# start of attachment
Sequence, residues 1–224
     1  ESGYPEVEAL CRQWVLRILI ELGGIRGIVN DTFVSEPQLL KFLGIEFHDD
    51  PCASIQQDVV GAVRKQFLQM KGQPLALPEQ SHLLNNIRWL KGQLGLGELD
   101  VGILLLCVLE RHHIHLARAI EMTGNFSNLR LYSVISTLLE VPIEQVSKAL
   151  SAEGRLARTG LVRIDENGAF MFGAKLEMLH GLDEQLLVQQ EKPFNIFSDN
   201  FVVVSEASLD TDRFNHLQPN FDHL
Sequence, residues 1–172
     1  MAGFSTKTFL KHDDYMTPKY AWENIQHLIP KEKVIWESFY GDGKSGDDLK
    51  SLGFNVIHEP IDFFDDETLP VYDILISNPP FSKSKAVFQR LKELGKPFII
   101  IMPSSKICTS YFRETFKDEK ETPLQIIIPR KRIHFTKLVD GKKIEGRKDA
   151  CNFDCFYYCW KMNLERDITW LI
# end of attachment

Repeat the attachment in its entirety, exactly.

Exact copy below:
Sequence, residues 1–224
     1  ESGYPEVEAL CRQWVLRILI ELGGIRGIVN DTFVSEPQLL KFLGIEFHDD
    51  PCASIQQDVV GAVRKQFLQM KGQPLALPEQ SHLLNNIRWL KGQLGLGELD
   101  VGILLLCVLE RHHIHLARAI EMTGNFSNLR LYSVISTLLE VPIEQVSKAL
   151  SAEGRLARTG LVRIDENGAF MFGAKLEMLH GLDEQLLVQQ EKPFNIFSDN
   201  FVVVSEASLD TDRFNHLQPN FDHL
Sequence, residues 1–172
     1  MAGFSTKTFL KHDDYMTPKY AWENIQHLIP KEKVIWESFY GDGKSGDDLK
    51  SLGFNVIHEP IDFFDDETLP VYDILISNPP FSKSKAVFQR LKELGKPFII
   101  IMPSSKICTS YFRETFKDEK ETPLQIIIPR KRIHFTKLVD GKKIEGRKDA
   151  CNFDCFYYCW KMNLERDITW LI